Looks like Ozon’s got another tantalizing conversation piece on his hands. He’s certainly playing more explicitly with sexuality than Sofia Coppola’s latest, The Bling Ring. Not nearly as erotic as obsessive photos of Emma Watson might hint, as Cath Clarke of TimeOut London notes in her review.
Much creepy attention has been lavished on photos doing the rounds of Emma Watson pole dancing (Hermione’s legal!) in ‘The Bling Ring’. But the real story here isn’t the good-girl-goes-bad stunt casting; it’s that Watson can act. Against the odds, the Harry Potter star gives a sharp, knowing smart performance as Nicki, one of a gang of spoiled rich Californian brats robbing the houses of celebs who, like, totally deserve it. Directed by Sofia Coppola (‘Lost in Translation’, ‘Marie Antoinette’), this is a funny, sarky, bang-on portrayal of the freakiness of celeb obsession. The story would sound outrageous – if it wasn’t true.
Scott Foundas at Variety found the film to be “a spiritual sequel of sorts” to The Social Network.
When future generations want to understand how we lived at the dawn of the plugged-in, privacy-free, Paris Hilton-ized 21st century, there will likely be few films more instructive than “The Bling Ring.” A spiritual sequel of sorts to “The Social Network,” Sofia Coppola’s fact-based tale of the 2008-09 crime spree by a gang of enterprising SoCal teens targeting the homes of high-profile celebrities reps a return to more pop, accessible filmmaking for the “Lost in Translation” auteur following the austere “Somewhere” (which earned only $1.7 million domestically). Though it lacks the name cast and self-consciously outre style of another recent girls-gone-wild opus, “Spring Breakers,” this lively and fascinating pic should score well with its target hipster demo, delivering solid arthouse numbers for upstart distrib A24, which plans a June release Stateside.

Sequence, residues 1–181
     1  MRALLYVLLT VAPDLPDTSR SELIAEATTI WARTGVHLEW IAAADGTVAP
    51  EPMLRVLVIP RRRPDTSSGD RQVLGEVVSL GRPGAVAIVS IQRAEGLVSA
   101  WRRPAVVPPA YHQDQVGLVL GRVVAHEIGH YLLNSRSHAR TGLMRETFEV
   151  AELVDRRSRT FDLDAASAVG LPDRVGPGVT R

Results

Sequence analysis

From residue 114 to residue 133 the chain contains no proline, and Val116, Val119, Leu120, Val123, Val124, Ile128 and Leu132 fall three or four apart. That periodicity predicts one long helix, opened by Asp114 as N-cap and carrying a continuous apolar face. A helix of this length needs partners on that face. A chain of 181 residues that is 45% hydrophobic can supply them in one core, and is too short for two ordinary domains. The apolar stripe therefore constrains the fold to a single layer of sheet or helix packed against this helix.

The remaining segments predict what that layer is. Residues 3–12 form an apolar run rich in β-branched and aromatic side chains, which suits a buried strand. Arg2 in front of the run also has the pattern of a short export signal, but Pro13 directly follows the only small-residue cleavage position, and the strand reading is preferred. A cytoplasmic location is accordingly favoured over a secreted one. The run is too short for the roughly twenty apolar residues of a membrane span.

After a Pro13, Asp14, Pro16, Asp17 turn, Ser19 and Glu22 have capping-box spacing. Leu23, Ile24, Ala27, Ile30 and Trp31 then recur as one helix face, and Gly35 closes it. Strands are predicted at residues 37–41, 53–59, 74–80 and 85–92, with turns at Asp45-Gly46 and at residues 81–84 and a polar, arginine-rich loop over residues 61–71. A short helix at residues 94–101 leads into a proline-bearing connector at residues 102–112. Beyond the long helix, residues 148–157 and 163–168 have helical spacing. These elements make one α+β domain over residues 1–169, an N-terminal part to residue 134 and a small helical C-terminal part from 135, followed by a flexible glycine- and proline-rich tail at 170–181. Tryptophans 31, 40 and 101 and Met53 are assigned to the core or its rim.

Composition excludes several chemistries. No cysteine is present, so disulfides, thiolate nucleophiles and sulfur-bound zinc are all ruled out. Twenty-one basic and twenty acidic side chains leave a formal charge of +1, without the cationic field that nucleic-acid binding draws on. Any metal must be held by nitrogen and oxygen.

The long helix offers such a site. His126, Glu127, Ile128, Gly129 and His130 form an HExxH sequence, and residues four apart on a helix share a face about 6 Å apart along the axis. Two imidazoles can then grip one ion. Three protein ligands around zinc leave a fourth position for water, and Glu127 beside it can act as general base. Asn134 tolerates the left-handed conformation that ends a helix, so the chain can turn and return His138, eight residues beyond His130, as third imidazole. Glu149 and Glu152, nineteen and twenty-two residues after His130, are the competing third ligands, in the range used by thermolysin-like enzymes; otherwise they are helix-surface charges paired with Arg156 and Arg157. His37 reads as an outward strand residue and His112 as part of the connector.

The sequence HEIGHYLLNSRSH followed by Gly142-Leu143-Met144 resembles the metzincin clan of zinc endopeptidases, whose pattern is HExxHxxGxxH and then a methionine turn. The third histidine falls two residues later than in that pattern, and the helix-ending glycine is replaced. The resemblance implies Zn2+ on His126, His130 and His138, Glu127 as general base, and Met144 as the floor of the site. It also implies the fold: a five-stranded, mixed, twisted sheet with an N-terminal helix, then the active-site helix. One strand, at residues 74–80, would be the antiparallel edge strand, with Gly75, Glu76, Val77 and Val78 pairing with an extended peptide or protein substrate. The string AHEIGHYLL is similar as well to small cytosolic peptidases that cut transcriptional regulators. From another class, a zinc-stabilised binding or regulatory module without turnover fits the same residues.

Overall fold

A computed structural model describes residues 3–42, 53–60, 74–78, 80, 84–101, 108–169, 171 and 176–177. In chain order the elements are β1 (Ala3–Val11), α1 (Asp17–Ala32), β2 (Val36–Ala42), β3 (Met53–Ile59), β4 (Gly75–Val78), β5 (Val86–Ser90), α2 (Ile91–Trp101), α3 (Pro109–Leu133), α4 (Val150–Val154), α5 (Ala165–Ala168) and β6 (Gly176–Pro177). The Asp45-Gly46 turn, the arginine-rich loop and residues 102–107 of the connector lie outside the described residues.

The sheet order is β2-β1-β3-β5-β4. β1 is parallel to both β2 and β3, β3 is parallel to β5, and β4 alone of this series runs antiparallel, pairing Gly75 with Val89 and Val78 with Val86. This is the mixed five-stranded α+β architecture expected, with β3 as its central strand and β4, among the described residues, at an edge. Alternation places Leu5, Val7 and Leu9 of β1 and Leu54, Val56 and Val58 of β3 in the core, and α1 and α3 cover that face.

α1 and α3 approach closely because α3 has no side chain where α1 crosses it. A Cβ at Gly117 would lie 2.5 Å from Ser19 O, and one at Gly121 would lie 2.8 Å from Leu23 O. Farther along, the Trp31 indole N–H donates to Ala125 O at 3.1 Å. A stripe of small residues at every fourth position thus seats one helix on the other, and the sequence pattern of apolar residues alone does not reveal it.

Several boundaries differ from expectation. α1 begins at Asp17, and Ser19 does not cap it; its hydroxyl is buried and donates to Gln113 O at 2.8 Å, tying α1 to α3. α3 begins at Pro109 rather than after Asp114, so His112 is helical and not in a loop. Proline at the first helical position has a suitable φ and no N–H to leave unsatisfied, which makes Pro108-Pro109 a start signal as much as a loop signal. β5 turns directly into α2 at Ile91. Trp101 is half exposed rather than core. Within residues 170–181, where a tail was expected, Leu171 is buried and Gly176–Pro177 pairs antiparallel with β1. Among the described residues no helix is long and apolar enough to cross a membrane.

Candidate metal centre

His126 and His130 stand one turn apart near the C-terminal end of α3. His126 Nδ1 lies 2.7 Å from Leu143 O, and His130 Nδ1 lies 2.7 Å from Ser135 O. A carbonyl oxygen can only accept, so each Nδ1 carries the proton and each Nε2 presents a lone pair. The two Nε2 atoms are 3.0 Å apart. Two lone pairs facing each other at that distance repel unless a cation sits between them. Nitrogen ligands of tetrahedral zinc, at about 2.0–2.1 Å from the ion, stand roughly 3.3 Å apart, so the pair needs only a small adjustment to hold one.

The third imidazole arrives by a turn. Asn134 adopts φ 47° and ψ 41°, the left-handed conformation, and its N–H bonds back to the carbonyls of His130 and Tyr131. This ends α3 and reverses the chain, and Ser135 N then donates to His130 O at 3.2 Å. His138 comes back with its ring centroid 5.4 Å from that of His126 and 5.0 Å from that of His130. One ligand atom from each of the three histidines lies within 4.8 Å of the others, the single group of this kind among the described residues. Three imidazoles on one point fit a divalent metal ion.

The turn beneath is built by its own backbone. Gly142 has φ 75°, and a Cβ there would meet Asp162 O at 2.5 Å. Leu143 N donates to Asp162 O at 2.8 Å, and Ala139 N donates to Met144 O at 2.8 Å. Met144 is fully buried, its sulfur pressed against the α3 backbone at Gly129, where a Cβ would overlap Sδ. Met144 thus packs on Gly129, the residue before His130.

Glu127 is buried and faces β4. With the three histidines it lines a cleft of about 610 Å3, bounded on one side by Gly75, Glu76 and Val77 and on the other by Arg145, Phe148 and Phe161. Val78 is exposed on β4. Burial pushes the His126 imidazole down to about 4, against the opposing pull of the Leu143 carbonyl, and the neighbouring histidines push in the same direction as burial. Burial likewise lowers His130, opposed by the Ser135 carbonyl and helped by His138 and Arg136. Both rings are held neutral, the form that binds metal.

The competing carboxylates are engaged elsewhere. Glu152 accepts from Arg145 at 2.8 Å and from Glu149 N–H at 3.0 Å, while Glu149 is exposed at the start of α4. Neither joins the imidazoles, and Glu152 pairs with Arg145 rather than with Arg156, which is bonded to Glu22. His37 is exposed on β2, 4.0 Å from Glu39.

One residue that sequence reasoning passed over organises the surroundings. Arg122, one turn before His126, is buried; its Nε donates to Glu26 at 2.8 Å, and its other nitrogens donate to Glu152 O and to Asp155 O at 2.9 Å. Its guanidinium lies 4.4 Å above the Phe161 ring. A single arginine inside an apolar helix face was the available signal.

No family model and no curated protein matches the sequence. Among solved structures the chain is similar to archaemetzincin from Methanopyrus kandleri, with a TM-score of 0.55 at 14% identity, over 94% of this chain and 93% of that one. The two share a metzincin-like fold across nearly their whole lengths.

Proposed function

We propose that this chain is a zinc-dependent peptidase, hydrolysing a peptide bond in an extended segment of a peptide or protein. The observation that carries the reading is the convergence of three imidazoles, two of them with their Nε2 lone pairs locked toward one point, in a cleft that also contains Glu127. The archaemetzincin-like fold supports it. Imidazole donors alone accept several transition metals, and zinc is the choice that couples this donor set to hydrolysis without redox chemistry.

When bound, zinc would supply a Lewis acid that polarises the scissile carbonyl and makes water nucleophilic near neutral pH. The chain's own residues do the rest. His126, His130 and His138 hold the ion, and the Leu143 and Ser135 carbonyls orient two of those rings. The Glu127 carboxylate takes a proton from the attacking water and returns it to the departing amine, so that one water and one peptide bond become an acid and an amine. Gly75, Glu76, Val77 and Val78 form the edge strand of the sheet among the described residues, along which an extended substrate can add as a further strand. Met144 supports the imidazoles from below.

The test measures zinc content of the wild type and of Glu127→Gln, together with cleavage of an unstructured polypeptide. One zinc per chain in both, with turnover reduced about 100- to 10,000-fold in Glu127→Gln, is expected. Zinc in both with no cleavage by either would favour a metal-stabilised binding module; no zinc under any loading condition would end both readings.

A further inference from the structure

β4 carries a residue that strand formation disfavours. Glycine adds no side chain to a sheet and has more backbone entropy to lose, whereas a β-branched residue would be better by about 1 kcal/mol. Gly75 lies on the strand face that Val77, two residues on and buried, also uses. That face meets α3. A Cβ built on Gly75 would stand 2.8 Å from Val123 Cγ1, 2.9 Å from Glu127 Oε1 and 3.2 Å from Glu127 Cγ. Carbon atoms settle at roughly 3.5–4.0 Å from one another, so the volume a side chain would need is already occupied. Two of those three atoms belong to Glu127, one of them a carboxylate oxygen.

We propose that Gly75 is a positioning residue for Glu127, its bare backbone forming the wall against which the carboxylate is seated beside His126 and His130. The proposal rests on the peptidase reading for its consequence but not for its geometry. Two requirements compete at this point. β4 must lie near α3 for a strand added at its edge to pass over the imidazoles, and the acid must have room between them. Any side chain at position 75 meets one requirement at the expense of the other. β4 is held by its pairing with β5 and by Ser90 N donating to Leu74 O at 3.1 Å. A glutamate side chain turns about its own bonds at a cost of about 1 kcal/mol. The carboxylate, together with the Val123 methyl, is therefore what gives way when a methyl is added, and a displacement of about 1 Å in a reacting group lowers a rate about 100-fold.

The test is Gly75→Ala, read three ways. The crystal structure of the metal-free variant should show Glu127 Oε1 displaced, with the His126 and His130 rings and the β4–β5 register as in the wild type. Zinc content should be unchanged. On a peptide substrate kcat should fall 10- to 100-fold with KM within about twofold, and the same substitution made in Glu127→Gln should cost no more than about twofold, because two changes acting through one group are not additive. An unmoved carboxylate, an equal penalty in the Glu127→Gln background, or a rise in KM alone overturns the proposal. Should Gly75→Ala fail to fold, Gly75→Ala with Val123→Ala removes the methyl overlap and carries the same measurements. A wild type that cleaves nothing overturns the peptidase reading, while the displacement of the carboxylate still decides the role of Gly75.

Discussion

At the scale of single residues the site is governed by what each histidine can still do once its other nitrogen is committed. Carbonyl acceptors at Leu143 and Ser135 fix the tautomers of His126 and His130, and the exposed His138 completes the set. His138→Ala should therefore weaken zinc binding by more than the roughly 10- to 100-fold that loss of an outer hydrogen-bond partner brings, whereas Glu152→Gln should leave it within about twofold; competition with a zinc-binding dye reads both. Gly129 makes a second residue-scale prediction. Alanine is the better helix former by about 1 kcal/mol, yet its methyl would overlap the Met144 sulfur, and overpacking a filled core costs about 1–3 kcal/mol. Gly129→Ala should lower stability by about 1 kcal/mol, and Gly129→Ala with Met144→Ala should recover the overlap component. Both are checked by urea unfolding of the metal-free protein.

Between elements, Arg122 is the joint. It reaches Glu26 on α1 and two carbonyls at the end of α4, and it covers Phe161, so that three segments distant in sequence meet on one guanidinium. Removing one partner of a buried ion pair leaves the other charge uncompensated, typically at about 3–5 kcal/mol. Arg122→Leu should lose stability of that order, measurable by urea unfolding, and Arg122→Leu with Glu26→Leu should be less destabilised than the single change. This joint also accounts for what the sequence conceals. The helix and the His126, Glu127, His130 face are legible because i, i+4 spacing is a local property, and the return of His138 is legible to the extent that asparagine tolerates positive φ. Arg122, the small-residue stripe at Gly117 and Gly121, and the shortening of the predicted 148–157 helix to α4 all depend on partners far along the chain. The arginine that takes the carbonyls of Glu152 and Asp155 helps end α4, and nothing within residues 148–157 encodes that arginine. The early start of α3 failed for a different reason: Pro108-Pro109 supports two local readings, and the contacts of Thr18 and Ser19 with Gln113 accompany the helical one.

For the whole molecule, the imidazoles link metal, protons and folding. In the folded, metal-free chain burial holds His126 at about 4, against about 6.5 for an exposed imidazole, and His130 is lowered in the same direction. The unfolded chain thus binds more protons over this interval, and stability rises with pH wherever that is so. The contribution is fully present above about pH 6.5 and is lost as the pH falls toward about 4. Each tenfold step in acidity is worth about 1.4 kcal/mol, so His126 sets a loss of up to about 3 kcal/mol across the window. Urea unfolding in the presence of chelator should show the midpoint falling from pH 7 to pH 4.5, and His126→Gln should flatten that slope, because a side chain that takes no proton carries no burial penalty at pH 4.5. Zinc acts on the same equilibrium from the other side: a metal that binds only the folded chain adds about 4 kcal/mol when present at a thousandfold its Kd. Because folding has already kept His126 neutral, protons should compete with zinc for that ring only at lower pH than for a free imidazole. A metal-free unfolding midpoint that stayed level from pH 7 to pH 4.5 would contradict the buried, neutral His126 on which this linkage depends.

Guy Lodge of In Contention also does well to note easy parallels with Spring Breakers, but says that Coppola’s vision is more appropriately critical of its protagonists actions than Harmony Korine’s.
I’m sure I won’t be the only critic to suggest that “The Bling Ring” would make a handy double-bill with Harmony Korine’s “Spring Breakers,” another sexily constructed film that casually remodels the American Dream via a girls-gone-wild narrative. I suspect, however, that such a pairing would flatter Coppola’s film, which steers more successfully clear of complicity with problematic onscreen escapades. Much of the film’s expensive Top 40 soundtrack is deliberately filtered through tinny speakers. Working with two ace cinematographers in the late Harris Savides (who passed away during production) and his successor Christopher Blauvelt, Coppola cleverly keeps the lighting flat and the compositions practically closed-circuit in their distance, laying bare the characters’ world without ever openly inviting us into it.
Couldn’t get out of talking about The Bling Ring without mentioning it as Harris Savides’ last film as cinematographer. In any case, I expect The Bling Ring will be quickly questioned by those who don’t see any dimension in it. God forbid Coppola actually shows teens a dirtier side to themselves!